I write this column for many reasons. I write because I often have the feeling that science has become disconnected from the wider community. I write because I feel passionate about the health of populations and the issues I try to tackle. But I also write because I am inspired by the interest and feedback from readers – you. So it was a pleasure when I recently received an email from a reader, suggesting I had omitted an important possible New Year’s resolution from my last article. That in fact, when it comes to planet and human health, a major lifestyle change and step in the right direction had been left off the list.
Julia was right, and hence this article.
Like many, I am addicted to TED talks. Short for Technology, Entertainment, Design, I have largely grown up (intellectually at least) with these vodcasts and will discuss at length, my favourites from the last years of viewing. Online, narrative-based 5-20 minute presentations by leading thinkers from around the globe, these knowledge morsels captivate, challenge and inspire – and the best, can be life-changing.
Some years ago, I watched one on vegetarianism. Now apart from a brief time when I was fourteen, I have never been a full-time vegetarian. To be honest, I like meat. But unlike the negative, guilt-invoking campaigns of old, Graham Hill through his TED talk made a compelling case for eating less animal. It wasn’t the typical talk, urging a population to relinquish their protein addiction and go cold turkey on, well, turkey. Mr Hill instead, suggested a very sensible conversation about the concept of a finite planet, a growing population, the challenges of overconsumption-fuelled disease and the need to have an honest conversation about our approach to animal welfare.
To cut a long story short, Hill made the very sensible case for us all to become a ‘Weekday Vegetarian’. Lose the meat from Monday to Friday, but enjoy our steak on weekends and a little bacon with our eggs on Sunday. A mature, logical and reasonable approach – to an often sensitive and polarising issue.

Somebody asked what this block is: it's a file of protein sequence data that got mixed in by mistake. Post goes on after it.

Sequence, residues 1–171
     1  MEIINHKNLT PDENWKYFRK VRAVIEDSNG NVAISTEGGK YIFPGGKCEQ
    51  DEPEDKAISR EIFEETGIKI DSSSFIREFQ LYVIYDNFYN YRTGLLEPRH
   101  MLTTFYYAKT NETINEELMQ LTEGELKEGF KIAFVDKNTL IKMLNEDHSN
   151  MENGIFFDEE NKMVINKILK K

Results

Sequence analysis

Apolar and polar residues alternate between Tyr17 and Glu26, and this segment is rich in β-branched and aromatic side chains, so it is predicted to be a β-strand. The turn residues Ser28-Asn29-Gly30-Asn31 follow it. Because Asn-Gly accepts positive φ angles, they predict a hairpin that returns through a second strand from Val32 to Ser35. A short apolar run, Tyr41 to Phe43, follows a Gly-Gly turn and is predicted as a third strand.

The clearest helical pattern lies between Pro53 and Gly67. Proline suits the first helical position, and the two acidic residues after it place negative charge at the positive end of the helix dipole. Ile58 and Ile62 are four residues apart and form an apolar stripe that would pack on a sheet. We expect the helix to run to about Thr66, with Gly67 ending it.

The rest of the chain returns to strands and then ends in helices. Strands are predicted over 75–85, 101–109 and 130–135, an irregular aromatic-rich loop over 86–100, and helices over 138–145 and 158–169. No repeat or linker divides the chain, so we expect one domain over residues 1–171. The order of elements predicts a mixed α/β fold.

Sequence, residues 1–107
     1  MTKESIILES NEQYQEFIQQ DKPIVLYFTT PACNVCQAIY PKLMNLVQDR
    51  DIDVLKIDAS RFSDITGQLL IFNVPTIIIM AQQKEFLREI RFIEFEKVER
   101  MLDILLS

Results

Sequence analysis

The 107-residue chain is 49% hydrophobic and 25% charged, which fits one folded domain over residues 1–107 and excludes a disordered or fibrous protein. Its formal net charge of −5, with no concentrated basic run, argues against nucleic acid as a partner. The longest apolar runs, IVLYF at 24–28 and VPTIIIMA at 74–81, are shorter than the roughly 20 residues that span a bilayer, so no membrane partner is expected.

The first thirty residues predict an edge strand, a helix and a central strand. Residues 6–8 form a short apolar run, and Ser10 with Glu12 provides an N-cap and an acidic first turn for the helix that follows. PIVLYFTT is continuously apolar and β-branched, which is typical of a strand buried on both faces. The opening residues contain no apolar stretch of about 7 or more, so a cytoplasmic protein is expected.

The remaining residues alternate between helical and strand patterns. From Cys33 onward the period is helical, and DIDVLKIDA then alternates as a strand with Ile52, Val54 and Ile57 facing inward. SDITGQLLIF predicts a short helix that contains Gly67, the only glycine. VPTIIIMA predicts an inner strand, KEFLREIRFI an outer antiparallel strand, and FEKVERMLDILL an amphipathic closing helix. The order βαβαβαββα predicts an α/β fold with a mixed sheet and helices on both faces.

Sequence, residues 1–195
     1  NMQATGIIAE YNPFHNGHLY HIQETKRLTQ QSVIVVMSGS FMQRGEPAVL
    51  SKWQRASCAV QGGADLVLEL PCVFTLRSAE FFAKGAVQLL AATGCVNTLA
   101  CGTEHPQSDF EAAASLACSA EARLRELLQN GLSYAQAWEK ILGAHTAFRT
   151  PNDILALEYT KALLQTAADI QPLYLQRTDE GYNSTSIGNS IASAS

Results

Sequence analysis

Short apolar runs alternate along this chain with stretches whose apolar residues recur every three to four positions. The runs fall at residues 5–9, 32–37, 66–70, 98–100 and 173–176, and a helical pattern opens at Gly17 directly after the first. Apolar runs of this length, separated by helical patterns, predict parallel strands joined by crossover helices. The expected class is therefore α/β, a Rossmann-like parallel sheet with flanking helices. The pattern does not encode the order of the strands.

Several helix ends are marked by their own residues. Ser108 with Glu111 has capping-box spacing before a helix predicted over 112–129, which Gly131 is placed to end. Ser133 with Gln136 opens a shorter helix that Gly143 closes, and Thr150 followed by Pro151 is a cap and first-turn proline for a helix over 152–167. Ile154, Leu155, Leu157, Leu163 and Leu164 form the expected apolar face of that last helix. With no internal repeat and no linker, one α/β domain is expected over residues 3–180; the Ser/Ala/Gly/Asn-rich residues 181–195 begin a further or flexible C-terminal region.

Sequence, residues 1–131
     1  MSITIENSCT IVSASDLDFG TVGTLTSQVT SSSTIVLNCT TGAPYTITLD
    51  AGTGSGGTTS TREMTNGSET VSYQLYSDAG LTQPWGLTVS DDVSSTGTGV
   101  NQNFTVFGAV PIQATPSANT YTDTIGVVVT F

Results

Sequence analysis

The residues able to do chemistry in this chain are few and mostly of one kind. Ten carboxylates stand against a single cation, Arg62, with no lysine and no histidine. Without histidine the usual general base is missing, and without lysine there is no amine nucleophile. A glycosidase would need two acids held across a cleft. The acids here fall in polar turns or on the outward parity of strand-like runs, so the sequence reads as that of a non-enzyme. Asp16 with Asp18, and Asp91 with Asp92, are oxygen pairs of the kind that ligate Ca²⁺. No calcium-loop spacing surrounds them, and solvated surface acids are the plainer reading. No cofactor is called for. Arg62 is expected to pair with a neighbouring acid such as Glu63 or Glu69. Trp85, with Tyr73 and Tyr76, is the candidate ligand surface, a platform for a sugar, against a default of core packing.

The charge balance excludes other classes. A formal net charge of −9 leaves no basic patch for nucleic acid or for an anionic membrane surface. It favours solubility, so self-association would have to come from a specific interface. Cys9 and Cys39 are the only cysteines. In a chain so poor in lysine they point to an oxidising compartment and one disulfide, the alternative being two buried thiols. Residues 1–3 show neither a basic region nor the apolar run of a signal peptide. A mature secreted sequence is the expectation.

Meating the Challenge
So as Meat Free Week approaches, I want to echo Julia’s concerns and add one more resolution to the list for 2014: Weekday Vegetarianism. And for three good reasons…
Altruistic, selfish and existential.
First, is the traditional argument of altruism - think of the animals. If we ate less meat but were willing to pay a little more for the meat we did consume, there would be less need for animals to be ‘factory-produced’ in frankly horrific conditions. Think about a $6 whole chook for a moment, how can we possibly provide a reasonable, respectful life to a chicken for that price? As a result, meat production becomes a conveyor-belt of dreadful cruelty, including the use of antibiotics, rapid feeding techniques and mass, inhumane slaughtering.
The second reason is the selfish, but also important one - think of yourself. In short, eating less animal fat would likely lead to enormous health benefits for many – individually and collectively. In a world where unhealthy diet is the leading risk factor for early death, fewer marbled steaks or grilled snags may also lead to a longer life! For our own health, replacing some ‘pork’ with ‘plant’ could be a good move.
Finally, the existential reasoning - think of the planet. Why are we on this planet and why do we exist? Surely it is to improve the world in which we live for the generations who will follow. Meat is not good news for the ecological health of the earth, producing one-sixth of all global carbon emissions and just by cutting beef out of the diet, we halve our culinary carbon footprint. In fact, along with energy production, meat production is one of the major carbon-emitting sectors in society. Facing a warmer world and some serious challenges from a changing climate, a nation of Weekday Vegetarians is actually really good news for planet earth!
Meating a Compromise
So I know that vegetarianism is not for everyone, and maybe I have missed the boat on your 2014 resolutions. Giving up meat might not be on the menu for you, so let me suggest instead three guiding principles to follow, as you beef up the courage to drop the drumstick.
1. Eat less – make meat AN ingredient, not THE ingredient when you cook.
2. Eat better quality – instead of the $6 whole chook (I still don’t understand how that is possible), go for the best you can afford. Look for meat that is free from antibiotics and chemicals and animals that have been produced in smaller quantities with space to move.
3. Eat consciously – if nothing else changes for you, just be conscious of the meat you consume. Know how much you eat, and think about the fact that this is not anonymous protein, but a life that deserves respect, on a planet under stress. Meat is a privilege, not a right.
A TED talk and a wonderful email of inspiration later, maybe 2014 is the time to vote with your fork and try Weekday Vegetarianism. With Meat Free Week coming soon, there couldn’t be an easier time to give it a go.
After all, when it comes to your health and the health of our planet, a little less steak might just save our bacon.
This article was inspired by and is dedicated to Julia of New South Wales, Australia.